25 Questions of Christmas: Allana's Answer ~ Christmas Memory
What’s your favorite Christmas Memory?
Being young, sitting by my tree at night, seeing the elves illuminated by the lights. Magic.
I had a real tree one year but the next year my sister and I cried in hysterical sobs as our real tree was abandoned and sent to the trash. We switched to a fake tree, the kind of tree you had to match the colors for lengths of branches (This was our job as Dad was colorblind). After assembly and putting on the lights, we got out the box of tissue wrapped ornaments.
Maybe I just made this up in some weird dream, but do you remember the little elf guys in the Rice Crispies commercials? I SWEAR these two elves about the size of Barbies came from some breakfast cereal giveaway. Anyhow, my sister and I weren’t allowed to touch them, they were off limits and one’s head was wobbly with stuffing coming out.
They seemed surreal to me and I would love going into the living room at night alone, only turning on the Christmas tree lights and entering the magic land inside the tree with the elves. I also enjoyed the clay hand painted angels that Auntie Cecily made and these fragile glass blown birds with feathers. My mom led CGIT at the local United Church where the girls made these sweet little half walnut shells, a piece of moss, a plastic mini tree and either a Bambie fawn, a little red polka dot mushroom or a bunny. There was red twine to tie them to the tree.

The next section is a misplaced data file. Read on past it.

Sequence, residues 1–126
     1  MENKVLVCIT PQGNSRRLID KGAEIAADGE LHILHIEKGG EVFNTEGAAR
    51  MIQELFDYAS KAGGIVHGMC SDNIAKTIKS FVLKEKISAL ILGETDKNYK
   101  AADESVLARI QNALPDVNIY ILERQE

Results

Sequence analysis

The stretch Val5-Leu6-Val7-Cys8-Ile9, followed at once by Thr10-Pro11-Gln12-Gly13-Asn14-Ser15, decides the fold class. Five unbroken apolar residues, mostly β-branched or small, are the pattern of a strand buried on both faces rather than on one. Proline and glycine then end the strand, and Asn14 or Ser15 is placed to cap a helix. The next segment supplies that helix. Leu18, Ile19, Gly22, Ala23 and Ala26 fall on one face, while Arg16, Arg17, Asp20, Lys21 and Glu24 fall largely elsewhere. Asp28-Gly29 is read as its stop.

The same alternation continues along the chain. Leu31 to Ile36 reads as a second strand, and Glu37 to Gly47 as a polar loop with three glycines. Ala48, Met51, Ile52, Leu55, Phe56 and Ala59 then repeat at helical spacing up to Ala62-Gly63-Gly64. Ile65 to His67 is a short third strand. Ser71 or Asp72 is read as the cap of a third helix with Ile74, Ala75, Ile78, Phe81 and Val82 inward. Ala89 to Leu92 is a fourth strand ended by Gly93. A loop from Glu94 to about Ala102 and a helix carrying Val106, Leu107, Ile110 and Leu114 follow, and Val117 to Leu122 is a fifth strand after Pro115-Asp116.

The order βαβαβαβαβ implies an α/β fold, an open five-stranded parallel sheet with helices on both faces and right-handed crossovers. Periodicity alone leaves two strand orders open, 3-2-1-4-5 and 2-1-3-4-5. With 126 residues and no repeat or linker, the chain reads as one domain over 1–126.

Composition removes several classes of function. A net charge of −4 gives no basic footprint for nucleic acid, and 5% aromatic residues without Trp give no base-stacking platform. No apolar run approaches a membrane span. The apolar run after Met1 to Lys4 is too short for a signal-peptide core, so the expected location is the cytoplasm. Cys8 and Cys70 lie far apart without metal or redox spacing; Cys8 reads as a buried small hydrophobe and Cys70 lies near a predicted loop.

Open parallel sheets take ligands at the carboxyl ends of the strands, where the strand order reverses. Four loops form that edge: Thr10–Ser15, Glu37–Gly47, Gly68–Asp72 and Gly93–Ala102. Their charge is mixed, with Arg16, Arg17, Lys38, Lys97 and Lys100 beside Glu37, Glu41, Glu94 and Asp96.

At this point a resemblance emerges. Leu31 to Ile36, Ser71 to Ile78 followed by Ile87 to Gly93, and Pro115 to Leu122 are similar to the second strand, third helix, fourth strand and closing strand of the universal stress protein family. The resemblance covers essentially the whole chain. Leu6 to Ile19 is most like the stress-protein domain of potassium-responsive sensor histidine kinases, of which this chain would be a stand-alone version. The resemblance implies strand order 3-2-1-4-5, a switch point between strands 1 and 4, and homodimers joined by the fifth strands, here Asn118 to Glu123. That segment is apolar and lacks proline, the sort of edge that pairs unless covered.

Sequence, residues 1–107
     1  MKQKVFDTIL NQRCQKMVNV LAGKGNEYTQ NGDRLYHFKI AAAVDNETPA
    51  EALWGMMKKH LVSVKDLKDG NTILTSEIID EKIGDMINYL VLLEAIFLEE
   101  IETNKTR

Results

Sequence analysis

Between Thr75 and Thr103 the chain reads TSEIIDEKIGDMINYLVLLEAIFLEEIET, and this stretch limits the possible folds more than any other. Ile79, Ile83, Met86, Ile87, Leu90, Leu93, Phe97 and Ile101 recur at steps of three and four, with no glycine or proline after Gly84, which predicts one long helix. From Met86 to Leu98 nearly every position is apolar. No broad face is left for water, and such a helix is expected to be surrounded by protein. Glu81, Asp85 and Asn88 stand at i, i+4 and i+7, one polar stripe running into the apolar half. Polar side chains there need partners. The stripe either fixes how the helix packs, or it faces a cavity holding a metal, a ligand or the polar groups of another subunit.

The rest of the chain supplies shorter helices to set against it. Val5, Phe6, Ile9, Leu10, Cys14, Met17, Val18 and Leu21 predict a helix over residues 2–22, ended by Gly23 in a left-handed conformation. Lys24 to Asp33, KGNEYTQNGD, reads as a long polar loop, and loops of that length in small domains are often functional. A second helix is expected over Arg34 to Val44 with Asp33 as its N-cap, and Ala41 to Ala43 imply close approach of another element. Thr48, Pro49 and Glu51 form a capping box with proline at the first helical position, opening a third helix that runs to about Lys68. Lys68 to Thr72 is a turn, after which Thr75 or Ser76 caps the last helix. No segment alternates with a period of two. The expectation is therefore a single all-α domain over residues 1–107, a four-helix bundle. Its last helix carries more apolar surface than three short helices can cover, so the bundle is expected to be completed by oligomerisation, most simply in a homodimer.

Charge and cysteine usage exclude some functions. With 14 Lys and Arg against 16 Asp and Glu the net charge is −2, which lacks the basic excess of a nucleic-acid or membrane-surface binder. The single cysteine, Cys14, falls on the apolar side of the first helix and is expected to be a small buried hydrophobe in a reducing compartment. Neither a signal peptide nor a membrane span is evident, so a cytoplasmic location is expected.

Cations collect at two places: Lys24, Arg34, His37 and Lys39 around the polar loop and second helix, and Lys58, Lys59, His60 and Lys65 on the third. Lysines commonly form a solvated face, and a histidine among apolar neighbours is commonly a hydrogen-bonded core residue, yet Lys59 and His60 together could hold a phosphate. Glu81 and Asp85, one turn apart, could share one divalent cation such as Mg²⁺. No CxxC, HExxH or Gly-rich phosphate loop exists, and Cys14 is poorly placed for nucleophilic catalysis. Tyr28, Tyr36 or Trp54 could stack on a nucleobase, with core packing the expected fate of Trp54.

Then came the preschool projects from me and my sister, those cat’s eyes, you know, wrapping yarn around criss crossed popsicle sticks. I remember making an angel and using cue tips for her hair… like nasty unkept dreds over the years! Yet I proudly adorned the tree with her beauty. Tinsel was the best… ever so artfully strewn by Dad, little did I know two sheets to the wind by this point.
In hindsight Mom and Dad kept so separate. She didn’t help with the tree, stayed in the kitchen. Then she’d have this ritual of playing Handel’s Messiah. I feel bad now and have apologized to her in Heaven for doing this, but Dad hated the classical stuff so he’d make fun of her. My sister and I would join him and we’d all get chased out to go tobogganing on Christmas Eve while she listened to her gross music, yet she would still have hot chocolate waiting for us when we returned. Isn’t that just awful? I mean I really didn’t care for her Nana Mouskouri, but I honestly didn’t mind the Messiah and now I love it. I wish I had the courage to speak my Truth back then and stay home one year with her.
I’ve learned a lot about how it wasn’t safe to speak the Truth in my home growing up, which is probably why silent moments with the little elves by Christmas tree lights felt so peaceful, magical and free.>